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Alf Alderson sets out on some of Britain’s finest ridge walks and revels in the unspolit landscapes, alpine vistas and glorious views that go hand in hand with walking on the edge

1846 aran ridge snowdonia wales




Description: Southern Britain’s finest ridge walk.

Level of Difficulty: Advanced.

How to get there: From the car park at Pen-y-Pass above Llanberis.

Highlight: Dramatic exposure and spectacular mountain panoramas.

Crib Goch (Red Ridge) is one of many routes to the summit of Snowdon, and certainly – at least as far as walkers are concerned – it’s the most challenging and exciting. At its narrowest 923-metre Crib Goch is just a couple of metres wide with drop offs of hundreds of metres on either side. This may make it sound more hazardous than it actually is, but put it this way, you won’t be doing it with your hands in your pockets.

There’s steep scrambling both at the start of the ridge and at intervals along the way and you can make your day in the hills into an even more challenging undertaking by continuing over Snowdon’s 1,085-metre summit to 898-metre Y Lliwedd and then back to your start point at Pen-y-Pass, thus completing the rightly famous Snowdon Horseshoe.


Description: Glorious solitude in one of the least explored corners of Snowdonia.

Level of Difficulty: Moderate.

How to get there: Park in the village of Llanuwchllyn near Bala.

Highlight: The solitude and silence of the hills.

The Aran Ridge to the south of Bala is a 15-km linear route along a 900-metre high ridge which requires you to leave a vehicle at either end (or pay for an expensive taxi journey) unless you want to retrace your steps, so it remains relatively untrodden.

Rising gradually from the start point the Aran Ridge eventually tops out on the 905-metre summit of Aran Fawddy, from where there are some of the best views in Wales. The main peaks of Snowdonia stand boldly on the northern skyline; to the west you can see the blue-green waters of Cardigan Bay; south lie the remote, rolling hills of the Cambrian Mountains; and eastwards twinkle the deep blue waters of Bala Lake.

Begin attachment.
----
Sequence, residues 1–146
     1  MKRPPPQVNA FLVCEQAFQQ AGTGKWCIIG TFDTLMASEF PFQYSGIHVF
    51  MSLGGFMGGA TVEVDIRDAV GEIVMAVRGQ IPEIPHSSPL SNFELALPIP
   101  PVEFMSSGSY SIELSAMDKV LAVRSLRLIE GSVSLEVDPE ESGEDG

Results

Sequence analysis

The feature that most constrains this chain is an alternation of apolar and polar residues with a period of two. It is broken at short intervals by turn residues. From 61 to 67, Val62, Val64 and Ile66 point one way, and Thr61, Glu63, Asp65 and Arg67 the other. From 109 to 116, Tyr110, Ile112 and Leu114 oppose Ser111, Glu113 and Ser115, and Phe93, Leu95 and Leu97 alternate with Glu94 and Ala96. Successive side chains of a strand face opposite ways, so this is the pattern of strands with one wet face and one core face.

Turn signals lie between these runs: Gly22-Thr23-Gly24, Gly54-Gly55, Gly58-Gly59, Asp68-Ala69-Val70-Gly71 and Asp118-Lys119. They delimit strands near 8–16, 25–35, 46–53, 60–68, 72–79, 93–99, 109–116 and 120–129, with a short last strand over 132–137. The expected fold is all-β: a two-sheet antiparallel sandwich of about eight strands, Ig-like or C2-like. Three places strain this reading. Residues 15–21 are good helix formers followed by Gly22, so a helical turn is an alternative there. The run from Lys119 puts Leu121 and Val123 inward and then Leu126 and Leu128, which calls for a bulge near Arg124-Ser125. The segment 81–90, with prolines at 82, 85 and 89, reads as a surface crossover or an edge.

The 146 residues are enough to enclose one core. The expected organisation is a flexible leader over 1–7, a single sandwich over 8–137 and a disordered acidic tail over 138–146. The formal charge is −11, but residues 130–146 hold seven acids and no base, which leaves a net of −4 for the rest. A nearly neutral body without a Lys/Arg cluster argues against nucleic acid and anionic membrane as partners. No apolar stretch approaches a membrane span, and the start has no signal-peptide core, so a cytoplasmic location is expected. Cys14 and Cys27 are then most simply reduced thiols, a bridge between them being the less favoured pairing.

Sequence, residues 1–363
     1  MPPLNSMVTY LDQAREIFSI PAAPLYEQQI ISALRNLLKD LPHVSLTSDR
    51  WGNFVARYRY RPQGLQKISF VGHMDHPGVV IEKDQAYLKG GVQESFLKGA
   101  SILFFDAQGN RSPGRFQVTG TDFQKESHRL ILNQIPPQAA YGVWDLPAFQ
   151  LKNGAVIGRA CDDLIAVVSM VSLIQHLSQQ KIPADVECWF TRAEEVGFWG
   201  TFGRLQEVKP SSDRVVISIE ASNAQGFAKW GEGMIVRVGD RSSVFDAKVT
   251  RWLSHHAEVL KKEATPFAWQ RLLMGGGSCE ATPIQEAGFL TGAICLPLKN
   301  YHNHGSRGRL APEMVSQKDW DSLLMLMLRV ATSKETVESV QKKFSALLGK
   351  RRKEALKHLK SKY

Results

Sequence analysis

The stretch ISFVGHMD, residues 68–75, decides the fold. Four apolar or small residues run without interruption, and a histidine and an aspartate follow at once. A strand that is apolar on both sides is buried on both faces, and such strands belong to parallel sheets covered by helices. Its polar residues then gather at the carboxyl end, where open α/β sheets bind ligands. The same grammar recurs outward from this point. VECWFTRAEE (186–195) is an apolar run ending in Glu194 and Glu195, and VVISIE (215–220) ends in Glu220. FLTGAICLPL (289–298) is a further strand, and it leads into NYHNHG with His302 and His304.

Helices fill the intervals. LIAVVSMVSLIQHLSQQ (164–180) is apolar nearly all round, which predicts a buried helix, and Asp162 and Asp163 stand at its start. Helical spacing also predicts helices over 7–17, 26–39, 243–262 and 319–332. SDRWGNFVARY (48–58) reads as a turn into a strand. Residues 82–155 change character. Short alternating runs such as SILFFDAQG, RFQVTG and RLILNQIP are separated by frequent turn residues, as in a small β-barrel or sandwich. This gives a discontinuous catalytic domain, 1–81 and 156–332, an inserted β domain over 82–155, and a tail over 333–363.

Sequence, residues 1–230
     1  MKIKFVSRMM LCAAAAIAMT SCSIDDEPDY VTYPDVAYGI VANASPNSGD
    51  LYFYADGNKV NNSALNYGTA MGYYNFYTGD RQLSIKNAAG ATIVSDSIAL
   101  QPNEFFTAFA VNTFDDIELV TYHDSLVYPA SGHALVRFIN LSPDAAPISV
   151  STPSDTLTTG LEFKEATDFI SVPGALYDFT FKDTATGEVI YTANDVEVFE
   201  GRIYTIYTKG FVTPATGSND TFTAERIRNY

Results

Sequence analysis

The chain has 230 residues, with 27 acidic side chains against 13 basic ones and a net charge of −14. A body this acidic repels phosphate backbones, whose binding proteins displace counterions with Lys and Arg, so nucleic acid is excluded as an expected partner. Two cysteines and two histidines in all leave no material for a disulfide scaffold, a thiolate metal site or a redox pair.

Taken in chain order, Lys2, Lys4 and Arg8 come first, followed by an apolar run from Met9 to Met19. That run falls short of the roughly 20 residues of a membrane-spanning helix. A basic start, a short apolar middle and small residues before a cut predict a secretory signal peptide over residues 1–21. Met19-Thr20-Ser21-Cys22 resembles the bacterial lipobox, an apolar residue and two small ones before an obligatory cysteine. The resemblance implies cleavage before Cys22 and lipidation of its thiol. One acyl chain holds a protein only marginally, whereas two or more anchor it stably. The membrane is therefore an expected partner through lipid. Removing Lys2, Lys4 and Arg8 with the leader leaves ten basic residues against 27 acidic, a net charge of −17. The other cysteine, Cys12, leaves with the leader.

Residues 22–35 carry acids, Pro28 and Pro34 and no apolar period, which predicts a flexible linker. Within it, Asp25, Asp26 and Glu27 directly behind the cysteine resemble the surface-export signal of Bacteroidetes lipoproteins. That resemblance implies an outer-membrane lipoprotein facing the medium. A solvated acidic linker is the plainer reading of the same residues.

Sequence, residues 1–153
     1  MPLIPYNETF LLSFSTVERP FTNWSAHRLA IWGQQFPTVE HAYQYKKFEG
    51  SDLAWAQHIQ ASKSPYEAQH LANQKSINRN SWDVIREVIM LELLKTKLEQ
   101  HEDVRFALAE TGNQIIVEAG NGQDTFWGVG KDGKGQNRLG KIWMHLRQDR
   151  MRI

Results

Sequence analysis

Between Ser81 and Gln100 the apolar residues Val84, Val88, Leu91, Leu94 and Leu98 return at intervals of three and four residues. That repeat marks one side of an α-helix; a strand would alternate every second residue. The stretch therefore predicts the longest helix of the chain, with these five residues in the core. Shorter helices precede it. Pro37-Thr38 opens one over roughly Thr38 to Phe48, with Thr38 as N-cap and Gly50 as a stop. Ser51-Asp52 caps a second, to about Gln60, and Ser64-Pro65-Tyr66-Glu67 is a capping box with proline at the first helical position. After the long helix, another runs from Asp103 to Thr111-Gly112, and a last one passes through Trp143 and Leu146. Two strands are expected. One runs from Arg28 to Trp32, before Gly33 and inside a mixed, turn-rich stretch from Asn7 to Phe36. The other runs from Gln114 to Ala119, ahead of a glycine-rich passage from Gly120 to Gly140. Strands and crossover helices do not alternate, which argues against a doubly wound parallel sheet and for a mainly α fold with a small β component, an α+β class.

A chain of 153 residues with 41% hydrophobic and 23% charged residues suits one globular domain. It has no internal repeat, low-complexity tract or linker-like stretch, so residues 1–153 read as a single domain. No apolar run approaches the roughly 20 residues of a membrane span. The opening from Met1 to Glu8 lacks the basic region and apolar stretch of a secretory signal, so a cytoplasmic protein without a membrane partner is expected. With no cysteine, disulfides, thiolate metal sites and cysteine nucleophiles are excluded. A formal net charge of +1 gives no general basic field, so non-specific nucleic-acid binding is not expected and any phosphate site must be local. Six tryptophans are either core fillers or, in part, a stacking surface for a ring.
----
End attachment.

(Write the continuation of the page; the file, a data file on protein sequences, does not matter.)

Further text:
There’s a thoroughly enjoyable tramp along the tops for a couple of kilometres or so before you descend to the delightful, unspoilt Cywarch Valley, above which the hills rise steep and imposing, and the chances are you’ll see no more than a handful of other walkers along the way.

Aran Ridge Snowdonia Wales



Description: An invigorating tramp above one of the Lakes’ least explored valleys.

Level of Difficulty: Moderate

How to get there: Park at Mardale Head at the southern end of Haweswater.

Highlight: Glorious views and golden eagles.

As you ascend the appropriately named Rough Crag just after the start of this walk keep your eyes peeled for a sighting of a golden eagle soaring above the broad shoulders of Kidsty Pike off to the north, or over the deep blue waters of Blea Water which glitters beneath the final stretch of Rough Crag as you clamber up on to High Street.

Despite a not inconsiderable elevation of 829-metres an ancient Roman road threads its way across High Street’s broad shoulders and it can be almost as busy as more regular high streets on a fine day. That’s largely because the views in clear conditions are mighty, taking in huge swathes of the Lakes and stretching as far as the Howgill Fells, the Pennines and the Scottish Lowlands, so take time out to drink it all whilst you’re up here.

As you set off on the undulating second leg of the walk you’ll find yourself back into more solitary territory, taking in the summits of Mardale Ill Bell (760 metres) and, after a stiff climb, Harter Fell (774 metres). There’s a wild and lonely atmosphere up here as the sun draws down, and you’ll no doubt welcome the descent down the old packhorse route alongside Gatescarth Beck and back to the car park after a day well spent amongst some of England’s finest mountain landscapes.